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At UNSC, No Questions Taken by Lithuania on Somalia, Lebanon Statements

By Matthew Russell Lee

UNITED NATIONS, February 27 -- How much credit should the monthly president of the UN Security Council take or get for the number of press statements adopted?

  Concluding its month as president, Lithuania's mission to the UN on February 27 bragged of four Resolutions, three Presidential Statements, 10 Press Statements, 14 public meetings & eight consultations, calling this the "highest number of products delivered since 2012."

  Notably, there appear to have been no question and answer stakeouts by the Mission with the media after these eight consultations. (Only the Lithuanian foreign minister Linas Linkevicius took questions during his visit which included a stakeout featuring the EU's Catherine Ashton).

  Even when a Press Statement on Guinea Bissau was read out by the Lithuanian Mission on February 26, no questions about the briefing or consultations behind it were answered or taken.

   The number of Press Statements in a month is largely a product of the number of terrorist incidents in the month, not the Security Council presidency's acumen.  In February there were three Press Statements on attacks in Lebanon, and two in Somalia.

   Even if controversial -- many are boilerplate denunciations of acts of terrorism -- the statements are drafted by the country which "holds the pen," France for Lebanon and the UK from Somalia, not by the president.

  One thing the presidency DOES control is how transparent it tried to be, including at least endeavoring to hold a question and answer stakeout after closed consultations. China's Liu Jieyi, for example, held nine such Q&A stakeouts in his recent months as president.

   But no Q&A stakeouts? And not even yet answering a question, rather than praise, on the lack of transparency? Another answer said Lithuania will aim for better going forward. We will be looking for that.

  As the most recent example, on February 26 the Security Council issued a Press Statement, now here, on which the Lithuanian deputy who read-out the statement took no questions.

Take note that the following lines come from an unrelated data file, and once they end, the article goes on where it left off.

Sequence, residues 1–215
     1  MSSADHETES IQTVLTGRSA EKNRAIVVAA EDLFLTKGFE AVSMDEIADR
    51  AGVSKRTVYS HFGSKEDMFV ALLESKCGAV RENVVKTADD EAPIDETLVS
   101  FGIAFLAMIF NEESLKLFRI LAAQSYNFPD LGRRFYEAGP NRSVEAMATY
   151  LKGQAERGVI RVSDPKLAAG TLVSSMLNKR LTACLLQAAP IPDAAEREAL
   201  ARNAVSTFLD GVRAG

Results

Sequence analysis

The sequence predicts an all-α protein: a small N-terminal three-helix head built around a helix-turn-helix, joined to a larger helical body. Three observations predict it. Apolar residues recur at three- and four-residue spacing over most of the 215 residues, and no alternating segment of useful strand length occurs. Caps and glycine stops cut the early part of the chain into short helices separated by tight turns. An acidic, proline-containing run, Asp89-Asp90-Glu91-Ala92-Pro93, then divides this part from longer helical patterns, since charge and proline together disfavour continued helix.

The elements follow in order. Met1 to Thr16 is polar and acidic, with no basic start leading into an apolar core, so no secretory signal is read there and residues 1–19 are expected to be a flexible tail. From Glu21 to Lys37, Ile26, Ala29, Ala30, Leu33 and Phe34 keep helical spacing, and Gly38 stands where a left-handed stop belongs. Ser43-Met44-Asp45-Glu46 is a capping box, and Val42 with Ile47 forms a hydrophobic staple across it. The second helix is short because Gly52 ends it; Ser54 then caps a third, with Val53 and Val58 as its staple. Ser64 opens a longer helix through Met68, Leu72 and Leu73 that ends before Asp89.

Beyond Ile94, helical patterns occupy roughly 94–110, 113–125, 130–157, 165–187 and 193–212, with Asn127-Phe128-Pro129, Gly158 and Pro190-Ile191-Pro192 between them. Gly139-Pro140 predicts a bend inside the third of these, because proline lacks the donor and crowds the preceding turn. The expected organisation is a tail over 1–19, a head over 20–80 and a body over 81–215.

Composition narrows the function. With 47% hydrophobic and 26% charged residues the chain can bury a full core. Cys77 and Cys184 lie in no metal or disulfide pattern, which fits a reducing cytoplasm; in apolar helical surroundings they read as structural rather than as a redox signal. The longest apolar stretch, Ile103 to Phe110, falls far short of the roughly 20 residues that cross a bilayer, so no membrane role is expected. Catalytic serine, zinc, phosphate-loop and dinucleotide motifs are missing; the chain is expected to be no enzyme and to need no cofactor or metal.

Three months ago, when UN envoy Jose Ramos-Horta came to brief in person, Inner City Press asked him about the proposed Amnesty Law for the authors of the 2012 coup. Ramos-Horta on November 26 expressed support for it only if there are iron-clad commitments by the military to stay out of politics. So: a conditional amnesty that would end if that commitment were broken?

  So on February 26, when Lithuania's Deputy Permanent Representative Rita Kazragiene came out to read the Council's press statement, including "the fight against impunity," Inner City Press waited and once she was finished asked if the Amnesty Law, which Ramos-Horta spoke about, had come up in consultations. 

  But Rita Kazragiene declined to answer any questions. One wonders why, given that the Security Council and UN have a hard enough time trying to raise the profile of the problems in Guinea Bissau. Why NOT answer a question?

  At the beginning of the month, Inner City Press on behalf of the Free UN Coalition for Access urged that Lithuania come to the stakeout and take questions after each closed door consultation. As noted, during China's more recent presidency, for example, Permanent Representative Liu Jieyi held nine Q&A stakeouts. 

  So far during this, Lithuania's, month, with all the scheduled meetings over and only one day left? None. (Though as noted Lithuania's foreign minister did answer questions, including one Inner City Press pushed to ask, about Ukraine, as it also had to press to ask the EU's Cathy Ashton.)

  Lithuania is chair of the new Central African Republic sanctions committee, with an interesting mandate. When will it be spoken about, and questions taken? We'll retain an open mind and see.


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